Last time we spoke about the main three reasons an insurance breakdown form is crucial for a dental office. To recap the three reasons a breakdown is so important are for patient experience, collecting 100%, and for your own growth and credibility. If you missed that article, I suggest you read that first before you move along here.
Now let’s start digging into each question on the breakdown form and what it means and why it’s there. If you would like to follow along follow this link to get my free detailed insurance breakdown form: www.bonddentalconsulting.com/dental-freebies
- Insurance and patient details (names, ID’s, group names, group numbers, payor ID, addresses, etc): This first piece of information is vital because if any of this information is incorrect, you risk your claims being rejected when you send them electronically. This delays your office getting paid and ultimately adds more work for whoever is calling on outstanding insurance claims.
- Fee schedule or UCR- This question is very important if you are a fee for service provider (i.e. you are not in network with a lot of dental insurance companies). You want to know here if this insurance company is based off the UCR, which is the usual, customary and reasonable amount, or if they base their fees off their own fee schedule or table of allowances. A fee schedule is typically very low coverage.
- Calendar or Benefit Year- Does this plan renew every January 1 or does it renew during a random month in the middle of the year? If a plan is a benefit year and renews in October, you do not want to give the patient a treatment plan once they have reached their maximum because your software says they renew in January.
- Waiting Period: Does this plan make the patient wait 6 or 12 months before they cover crowns and even fillings? That is what a waiting period is. The patient must wait this long until they cover this procedure. This is vital information to know, especially if this is a new plan for the patient. The last thing you want to tell a patient is that their insurance is estimating to cover half of their crown bill, when in reality they owe the full amount! That can be a $500-$600 mistake.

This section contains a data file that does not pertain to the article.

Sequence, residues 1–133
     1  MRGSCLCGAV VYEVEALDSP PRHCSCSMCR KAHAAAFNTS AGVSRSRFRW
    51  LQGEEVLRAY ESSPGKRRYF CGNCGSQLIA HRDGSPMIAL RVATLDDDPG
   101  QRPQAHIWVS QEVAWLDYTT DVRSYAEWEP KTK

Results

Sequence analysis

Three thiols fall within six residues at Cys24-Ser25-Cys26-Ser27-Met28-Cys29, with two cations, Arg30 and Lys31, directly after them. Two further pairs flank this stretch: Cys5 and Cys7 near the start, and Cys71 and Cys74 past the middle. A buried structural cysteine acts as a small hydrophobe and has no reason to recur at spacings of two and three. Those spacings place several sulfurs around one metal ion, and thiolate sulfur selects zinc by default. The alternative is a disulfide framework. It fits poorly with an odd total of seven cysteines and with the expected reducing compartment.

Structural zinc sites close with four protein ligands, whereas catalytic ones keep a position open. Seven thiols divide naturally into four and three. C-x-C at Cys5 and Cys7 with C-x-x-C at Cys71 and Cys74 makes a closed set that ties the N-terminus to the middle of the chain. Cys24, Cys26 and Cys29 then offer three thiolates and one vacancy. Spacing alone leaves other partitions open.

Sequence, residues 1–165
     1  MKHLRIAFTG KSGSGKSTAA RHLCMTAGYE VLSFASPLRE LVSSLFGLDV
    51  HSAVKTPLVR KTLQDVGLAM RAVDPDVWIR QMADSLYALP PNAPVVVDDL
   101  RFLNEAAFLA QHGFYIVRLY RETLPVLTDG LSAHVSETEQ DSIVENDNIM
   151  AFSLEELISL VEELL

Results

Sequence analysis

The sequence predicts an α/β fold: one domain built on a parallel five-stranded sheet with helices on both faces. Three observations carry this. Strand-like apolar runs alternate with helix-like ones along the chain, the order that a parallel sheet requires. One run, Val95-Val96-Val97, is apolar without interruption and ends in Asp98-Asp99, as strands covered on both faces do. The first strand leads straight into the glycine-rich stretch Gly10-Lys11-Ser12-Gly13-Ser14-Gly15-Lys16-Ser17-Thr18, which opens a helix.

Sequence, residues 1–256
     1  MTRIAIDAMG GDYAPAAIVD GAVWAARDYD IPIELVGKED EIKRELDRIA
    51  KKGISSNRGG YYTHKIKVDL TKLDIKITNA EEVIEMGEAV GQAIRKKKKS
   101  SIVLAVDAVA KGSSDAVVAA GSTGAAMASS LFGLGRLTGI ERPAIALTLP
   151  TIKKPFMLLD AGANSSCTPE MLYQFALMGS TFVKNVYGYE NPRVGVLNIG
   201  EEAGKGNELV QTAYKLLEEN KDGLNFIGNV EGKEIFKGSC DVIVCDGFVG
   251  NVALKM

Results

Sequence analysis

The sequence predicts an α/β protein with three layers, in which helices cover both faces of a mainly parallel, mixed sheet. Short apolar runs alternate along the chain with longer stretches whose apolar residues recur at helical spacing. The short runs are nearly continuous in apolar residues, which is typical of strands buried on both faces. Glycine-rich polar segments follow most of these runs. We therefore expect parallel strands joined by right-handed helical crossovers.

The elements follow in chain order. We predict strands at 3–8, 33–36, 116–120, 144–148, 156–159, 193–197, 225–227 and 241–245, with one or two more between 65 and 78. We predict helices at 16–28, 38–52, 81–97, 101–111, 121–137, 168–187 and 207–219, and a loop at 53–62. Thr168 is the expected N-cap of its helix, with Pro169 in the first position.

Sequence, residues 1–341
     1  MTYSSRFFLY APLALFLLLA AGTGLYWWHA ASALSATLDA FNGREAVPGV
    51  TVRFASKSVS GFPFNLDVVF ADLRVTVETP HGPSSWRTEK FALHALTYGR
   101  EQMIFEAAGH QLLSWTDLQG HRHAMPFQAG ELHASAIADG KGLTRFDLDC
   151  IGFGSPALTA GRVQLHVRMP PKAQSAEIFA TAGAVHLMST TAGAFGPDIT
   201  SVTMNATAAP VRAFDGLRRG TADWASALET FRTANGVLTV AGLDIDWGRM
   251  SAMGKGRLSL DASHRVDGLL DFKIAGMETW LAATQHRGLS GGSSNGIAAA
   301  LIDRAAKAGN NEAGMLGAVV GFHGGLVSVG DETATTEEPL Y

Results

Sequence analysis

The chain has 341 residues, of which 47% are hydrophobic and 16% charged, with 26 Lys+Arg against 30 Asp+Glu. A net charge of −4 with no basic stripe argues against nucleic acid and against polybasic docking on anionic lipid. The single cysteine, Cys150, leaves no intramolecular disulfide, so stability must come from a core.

- Missing Tooth Clause: This question is especially important if your office performs a lot of implant/bridge/partial procedures. If there is a missing tooth clause then that means that this insurance company will only cover restorative procedures for missing teeth if the extraction was performed while they had this insurance. Otherwise, they will not be covered at all.
- Annual Maximum and Remaining– how much insurance dollars does this company allow per calendar or benefit year? Also, has this patient used any benefits from another office during this year? Again, if a patient had their wisdom teeth extracted from an oral surgeon and then needs a crown performed, you need to know that there are no remaining benefits to use before the end of the year. It does not mean you don’t perform the necessary treatment, but it does mean you need to give the patient an accurate treatment plan.
- Deductibles- how much does this insurance charge before they cover services? Typically a company will take away $50-$100 before they cover basic and major work. You need to double check this and ask if it is waived on preventative. If a patient comes in for a cleaning and they have a $50 deductible that is NOT waived on preventative, then you need to make sure to collect that at time of service and not surprise the patient later.
As I always say a patient does not mind paying their dental bills but what they do mind is paying surprise dental bills. Take the surprise out of it and give them the best insurance estimate you can. If you are ready to outsource your dental insurance headaches to the professionals, we would love to be in touch. Reach out to me by email at email@example.com or see how we can help you at www.bonddentalconsulting.com/dental-billing.